Skip to main content
It looks like you're using Internet Explorer 11 or older. This website works best with modern browsers such as the latest versions of Chrome, Firefox, Safari, and Edge. If you continue with this browser, you may see unexpected results.

IPE 101: Introduction to International Political Economy (Peine): Is it Scholarly?

Is it Scholarly?

 

Here are some general guidelines to assist you in identifying scholarly sources.

Types of Sources: Popular and Scholarly

Scholarly sources present sophisticated, researched arguments using both primary and secondary sources and are written by experts. Journals are examples of scholarly sources.

Popular sources aim to inform or entertain and are intended for a general, non-specialized audience.  In academic writing, popular sources most often are analyzed as primary sources. Magazines are examples of  popular sources.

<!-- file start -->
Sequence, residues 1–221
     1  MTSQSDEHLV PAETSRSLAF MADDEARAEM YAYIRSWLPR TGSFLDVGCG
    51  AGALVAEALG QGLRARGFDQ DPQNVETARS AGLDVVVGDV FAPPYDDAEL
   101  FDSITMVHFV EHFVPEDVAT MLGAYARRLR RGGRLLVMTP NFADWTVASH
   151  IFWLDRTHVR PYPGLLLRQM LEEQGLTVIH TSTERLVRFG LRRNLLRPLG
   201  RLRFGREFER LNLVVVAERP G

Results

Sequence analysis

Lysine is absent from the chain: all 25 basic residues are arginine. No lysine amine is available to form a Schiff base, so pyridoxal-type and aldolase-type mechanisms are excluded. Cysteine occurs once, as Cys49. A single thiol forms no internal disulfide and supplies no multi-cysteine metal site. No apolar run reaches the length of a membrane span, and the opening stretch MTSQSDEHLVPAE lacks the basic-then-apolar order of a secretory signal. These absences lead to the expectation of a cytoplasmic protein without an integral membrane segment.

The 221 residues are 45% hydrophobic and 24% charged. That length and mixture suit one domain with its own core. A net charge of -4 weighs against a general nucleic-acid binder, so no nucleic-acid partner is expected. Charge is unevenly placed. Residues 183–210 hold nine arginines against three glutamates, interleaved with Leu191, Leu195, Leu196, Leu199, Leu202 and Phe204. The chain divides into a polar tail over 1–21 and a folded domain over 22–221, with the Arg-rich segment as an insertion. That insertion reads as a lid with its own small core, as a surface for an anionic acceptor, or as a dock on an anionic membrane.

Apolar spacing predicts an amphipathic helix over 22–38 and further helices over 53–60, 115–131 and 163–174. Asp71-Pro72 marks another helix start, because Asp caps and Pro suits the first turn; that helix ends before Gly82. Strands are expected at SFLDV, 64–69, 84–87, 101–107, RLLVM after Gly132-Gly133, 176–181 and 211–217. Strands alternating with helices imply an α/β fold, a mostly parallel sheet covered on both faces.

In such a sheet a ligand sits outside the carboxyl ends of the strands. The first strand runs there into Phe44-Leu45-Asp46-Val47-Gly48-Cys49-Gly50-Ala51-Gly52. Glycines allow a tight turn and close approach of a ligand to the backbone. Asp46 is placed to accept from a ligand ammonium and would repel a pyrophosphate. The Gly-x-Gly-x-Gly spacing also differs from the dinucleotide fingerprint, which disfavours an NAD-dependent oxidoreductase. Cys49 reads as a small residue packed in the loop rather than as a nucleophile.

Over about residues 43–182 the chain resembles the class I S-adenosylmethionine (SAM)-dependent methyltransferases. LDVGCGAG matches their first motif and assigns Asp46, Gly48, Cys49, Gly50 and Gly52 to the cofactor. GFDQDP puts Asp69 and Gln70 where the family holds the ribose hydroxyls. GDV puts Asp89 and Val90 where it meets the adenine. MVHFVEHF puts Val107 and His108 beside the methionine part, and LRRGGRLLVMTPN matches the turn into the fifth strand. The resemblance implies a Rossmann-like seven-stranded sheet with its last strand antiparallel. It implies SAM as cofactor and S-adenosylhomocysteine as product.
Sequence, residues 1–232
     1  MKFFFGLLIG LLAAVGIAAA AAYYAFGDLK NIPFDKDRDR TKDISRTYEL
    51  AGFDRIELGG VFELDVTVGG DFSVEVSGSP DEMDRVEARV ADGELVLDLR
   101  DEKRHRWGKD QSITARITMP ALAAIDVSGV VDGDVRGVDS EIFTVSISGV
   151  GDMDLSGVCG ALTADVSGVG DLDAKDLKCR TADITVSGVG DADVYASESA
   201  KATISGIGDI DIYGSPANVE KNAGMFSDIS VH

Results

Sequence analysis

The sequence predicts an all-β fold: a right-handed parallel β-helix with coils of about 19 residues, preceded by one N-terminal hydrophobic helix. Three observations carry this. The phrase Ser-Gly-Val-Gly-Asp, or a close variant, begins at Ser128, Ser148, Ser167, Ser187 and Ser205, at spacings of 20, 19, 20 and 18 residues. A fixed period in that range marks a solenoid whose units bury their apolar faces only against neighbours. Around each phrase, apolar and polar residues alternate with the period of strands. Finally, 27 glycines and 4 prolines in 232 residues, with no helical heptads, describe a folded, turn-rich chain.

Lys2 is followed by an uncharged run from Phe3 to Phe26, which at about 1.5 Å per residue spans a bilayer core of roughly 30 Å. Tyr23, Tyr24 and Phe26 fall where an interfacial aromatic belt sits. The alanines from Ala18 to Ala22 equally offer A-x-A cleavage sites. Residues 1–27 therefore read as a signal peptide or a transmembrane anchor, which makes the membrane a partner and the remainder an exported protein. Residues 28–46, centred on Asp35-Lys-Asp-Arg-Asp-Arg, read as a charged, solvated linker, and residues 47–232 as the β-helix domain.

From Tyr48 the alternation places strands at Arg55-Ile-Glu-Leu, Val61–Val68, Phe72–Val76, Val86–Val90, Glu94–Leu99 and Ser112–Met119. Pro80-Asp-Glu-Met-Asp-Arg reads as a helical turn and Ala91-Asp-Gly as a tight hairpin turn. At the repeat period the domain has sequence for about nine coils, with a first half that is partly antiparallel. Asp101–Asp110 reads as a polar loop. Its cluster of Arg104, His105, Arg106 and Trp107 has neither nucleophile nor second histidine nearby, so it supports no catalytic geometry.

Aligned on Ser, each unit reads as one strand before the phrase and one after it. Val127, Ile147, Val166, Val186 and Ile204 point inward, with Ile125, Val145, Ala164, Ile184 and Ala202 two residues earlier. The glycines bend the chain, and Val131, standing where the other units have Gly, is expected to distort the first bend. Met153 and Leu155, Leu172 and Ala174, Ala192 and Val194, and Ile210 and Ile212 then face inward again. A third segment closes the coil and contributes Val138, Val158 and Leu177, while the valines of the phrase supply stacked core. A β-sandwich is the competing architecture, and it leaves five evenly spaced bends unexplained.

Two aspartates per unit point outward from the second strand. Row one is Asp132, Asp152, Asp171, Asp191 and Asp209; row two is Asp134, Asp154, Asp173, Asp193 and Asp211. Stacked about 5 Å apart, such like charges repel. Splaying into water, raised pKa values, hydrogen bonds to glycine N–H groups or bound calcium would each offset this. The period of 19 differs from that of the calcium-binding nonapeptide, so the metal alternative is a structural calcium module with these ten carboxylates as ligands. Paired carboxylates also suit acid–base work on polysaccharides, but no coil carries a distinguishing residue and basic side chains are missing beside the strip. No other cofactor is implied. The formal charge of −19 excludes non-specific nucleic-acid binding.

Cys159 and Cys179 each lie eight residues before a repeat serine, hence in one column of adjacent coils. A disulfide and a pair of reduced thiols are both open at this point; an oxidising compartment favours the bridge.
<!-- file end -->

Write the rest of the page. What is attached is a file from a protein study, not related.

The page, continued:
To determine the difference between these two types of sources, ask yourself:

  • Who reads them?
  • Who writes them?
  • Who decides what get published in them?
  • What's in them?
  • What do they look like?
  • When are they available?
  • What can you use them for?